René Castro carries case of Río San Juan to Spain

René Castro, the foreign minister, is in Spain today seeking Spanish support as Costa Rica continues to seek relief from the Nicaraguan invasion at the Isla Calero.

Castro has been to England, Germany and Norway with the same message.

He went to Europe primarily to participate in the case before the International Court of Justice where Costa Rica seeks a restraining order against the Nicaraguan regime and the work on the island and in the Río San Juan, which runs across the country’s northern border.

Costa Rica was seeking quick action from the international court, which is an agency of the United Nations. Now some are not sure. Nicaragua appears to have presented a case much stronger than expected.

The latest round came last week when the Nicaraguan judicial delegation was asked to provide written answers to questions from the court magistrates. Then Costa Rica had a chance to comment in writing on the Nicaraguan responses.

Meanwhile, dredging and digging activities continue on the Isla Calero. Nicaragua is seeking to install a direct mouth of the river to the Caribbean to circumvent the existing meandering river course. That will open the river to tourism and for development in the adjacent area.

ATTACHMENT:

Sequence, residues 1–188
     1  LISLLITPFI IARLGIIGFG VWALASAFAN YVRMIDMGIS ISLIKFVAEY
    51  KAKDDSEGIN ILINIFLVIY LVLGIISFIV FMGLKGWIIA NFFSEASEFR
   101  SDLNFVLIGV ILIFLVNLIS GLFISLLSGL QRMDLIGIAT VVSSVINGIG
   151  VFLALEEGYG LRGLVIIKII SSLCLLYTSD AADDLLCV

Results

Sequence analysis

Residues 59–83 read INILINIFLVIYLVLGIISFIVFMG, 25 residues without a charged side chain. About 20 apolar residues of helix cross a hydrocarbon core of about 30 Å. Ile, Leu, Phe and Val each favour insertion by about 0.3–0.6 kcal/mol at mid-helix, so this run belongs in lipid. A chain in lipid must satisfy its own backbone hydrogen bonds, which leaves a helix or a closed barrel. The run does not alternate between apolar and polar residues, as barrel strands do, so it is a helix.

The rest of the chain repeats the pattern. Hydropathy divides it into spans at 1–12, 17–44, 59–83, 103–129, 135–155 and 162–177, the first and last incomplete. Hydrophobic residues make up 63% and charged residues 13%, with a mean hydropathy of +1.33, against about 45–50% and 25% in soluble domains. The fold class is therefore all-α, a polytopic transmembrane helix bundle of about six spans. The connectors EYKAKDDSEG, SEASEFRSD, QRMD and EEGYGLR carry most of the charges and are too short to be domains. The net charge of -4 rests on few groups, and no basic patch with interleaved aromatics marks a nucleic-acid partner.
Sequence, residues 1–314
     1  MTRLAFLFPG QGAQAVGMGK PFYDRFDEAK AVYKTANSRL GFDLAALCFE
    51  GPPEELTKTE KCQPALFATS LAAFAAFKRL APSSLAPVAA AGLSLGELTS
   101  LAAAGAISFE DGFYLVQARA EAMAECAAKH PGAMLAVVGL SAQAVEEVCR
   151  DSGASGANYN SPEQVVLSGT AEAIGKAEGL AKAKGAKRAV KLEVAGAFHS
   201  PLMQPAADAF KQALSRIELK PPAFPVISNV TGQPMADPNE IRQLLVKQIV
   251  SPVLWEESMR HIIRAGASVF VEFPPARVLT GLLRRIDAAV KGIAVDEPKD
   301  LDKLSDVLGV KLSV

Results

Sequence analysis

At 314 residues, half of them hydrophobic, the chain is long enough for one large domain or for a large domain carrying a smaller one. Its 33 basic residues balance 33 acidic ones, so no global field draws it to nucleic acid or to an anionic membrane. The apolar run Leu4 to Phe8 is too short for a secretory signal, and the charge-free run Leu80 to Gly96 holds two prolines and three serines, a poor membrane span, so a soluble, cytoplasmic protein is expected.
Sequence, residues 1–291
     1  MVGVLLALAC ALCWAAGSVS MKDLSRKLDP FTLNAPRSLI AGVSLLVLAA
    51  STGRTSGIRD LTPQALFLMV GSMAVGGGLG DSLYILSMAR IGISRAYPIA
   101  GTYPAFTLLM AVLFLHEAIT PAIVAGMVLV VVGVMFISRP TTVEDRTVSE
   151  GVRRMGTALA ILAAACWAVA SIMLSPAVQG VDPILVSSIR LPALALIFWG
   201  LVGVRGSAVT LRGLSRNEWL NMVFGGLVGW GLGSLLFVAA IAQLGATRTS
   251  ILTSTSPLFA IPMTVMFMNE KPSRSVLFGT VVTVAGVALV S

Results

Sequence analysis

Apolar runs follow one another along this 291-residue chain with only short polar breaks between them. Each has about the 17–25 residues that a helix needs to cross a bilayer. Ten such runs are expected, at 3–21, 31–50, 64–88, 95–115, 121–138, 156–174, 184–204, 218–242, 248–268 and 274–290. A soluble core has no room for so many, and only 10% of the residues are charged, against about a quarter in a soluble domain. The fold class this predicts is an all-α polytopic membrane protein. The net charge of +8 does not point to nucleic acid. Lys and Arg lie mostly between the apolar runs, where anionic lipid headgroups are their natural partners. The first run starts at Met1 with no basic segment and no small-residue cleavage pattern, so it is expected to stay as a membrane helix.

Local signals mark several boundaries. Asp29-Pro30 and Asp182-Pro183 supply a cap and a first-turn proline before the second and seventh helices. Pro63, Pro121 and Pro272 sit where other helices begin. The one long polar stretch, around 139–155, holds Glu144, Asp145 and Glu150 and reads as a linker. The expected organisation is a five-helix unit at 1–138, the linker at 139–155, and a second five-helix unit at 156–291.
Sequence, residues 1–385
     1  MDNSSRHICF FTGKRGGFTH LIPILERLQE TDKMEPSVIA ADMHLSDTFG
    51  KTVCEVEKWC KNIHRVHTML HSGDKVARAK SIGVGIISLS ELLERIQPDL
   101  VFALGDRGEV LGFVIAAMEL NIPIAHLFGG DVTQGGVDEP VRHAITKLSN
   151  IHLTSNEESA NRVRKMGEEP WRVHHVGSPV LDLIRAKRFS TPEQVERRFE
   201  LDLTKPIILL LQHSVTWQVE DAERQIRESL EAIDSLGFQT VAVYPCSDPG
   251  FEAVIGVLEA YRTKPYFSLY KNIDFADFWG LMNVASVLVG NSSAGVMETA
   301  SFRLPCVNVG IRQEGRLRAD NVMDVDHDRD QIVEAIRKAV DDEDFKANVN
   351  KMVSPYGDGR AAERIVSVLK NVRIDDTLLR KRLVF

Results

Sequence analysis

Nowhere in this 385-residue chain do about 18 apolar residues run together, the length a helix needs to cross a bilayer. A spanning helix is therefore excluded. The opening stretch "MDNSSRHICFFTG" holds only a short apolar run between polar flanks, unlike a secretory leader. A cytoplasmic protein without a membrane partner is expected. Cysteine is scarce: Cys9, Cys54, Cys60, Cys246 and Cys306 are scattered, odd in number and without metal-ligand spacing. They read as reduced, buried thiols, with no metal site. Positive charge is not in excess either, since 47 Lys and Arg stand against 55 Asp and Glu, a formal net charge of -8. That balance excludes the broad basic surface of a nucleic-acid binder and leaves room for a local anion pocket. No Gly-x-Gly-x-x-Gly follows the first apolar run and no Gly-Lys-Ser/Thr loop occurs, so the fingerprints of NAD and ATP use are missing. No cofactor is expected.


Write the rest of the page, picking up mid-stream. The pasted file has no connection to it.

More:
Those who live in the northern area fear that a mouth of the Río San Juan sufficient to shipping will divert water from the Río Colorado, which is totally in Costa Rican territory. Costa Ricans also complained in the Hague-based court that Nicaragua had done major environmental damage.

The Nicaraguan invasion has given Costa Rican officials an incentive to beef up the security of the border. Nicaragua claimed that the island and nearby parts of Costa Rica were being used by international drug smugglers. There is some truth to this claim. The Costa Rican Defensoría de los Habitantes traveled to the area and reported on difficulties that police have in patrolling the zone.

Costa Rican officials have authorized the construction of some roads along the San Juan to help patrol the area. The river is totally Nicaraguan, and armed Costa Rican police are prohibited from traveling by boat, which so far is the preferred method of transport in the area.

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